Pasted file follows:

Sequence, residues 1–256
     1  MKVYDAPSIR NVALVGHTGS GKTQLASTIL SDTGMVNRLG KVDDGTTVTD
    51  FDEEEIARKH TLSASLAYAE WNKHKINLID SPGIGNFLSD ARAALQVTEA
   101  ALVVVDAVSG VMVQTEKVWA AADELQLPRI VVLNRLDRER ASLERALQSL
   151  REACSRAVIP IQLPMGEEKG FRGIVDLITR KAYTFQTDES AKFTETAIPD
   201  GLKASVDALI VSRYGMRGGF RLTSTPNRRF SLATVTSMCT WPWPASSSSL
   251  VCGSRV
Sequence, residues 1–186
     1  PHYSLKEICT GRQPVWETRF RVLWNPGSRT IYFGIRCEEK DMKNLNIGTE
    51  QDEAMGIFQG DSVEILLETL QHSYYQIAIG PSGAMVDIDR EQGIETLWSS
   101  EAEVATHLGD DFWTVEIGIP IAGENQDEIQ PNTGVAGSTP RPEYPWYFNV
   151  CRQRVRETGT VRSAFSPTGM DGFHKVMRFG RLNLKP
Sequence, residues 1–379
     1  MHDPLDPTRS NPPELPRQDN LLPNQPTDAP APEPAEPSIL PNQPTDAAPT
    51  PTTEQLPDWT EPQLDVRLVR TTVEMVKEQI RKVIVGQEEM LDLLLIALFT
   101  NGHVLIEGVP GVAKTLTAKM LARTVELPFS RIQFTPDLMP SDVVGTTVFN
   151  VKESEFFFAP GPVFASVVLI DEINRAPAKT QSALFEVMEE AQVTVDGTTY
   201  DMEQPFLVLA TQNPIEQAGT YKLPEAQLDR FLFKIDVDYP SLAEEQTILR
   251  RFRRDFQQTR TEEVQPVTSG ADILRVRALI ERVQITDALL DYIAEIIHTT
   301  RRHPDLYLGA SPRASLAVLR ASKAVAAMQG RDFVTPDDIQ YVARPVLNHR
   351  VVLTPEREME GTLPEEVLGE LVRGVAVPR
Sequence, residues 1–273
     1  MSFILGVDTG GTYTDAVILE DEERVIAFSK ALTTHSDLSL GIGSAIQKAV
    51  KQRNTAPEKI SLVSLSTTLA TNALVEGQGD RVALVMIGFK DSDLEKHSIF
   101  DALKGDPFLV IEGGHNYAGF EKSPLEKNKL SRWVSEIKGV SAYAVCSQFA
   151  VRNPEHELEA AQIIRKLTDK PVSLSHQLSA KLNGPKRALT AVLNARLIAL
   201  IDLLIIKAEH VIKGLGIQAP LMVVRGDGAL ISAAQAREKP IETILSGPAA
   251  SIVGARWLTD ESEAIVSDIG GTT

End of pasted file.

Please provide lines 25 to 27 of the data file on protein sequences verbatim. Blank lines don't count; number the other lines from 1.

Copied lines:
   101  DALKGDPFLV IEGGHNYAGF EKSPLEKNKL SRWVSEIKGV SAYAVCSQFA
   151  VRNPEHELEA AQIIRKLTDK PVSLSHQLSA KLNGPKRALT AVLNARLIAL
   201  IDLLIIKAEH VIKGLGIQAP LMVVRGDGAL ISAAQAREKP IETILSGPAA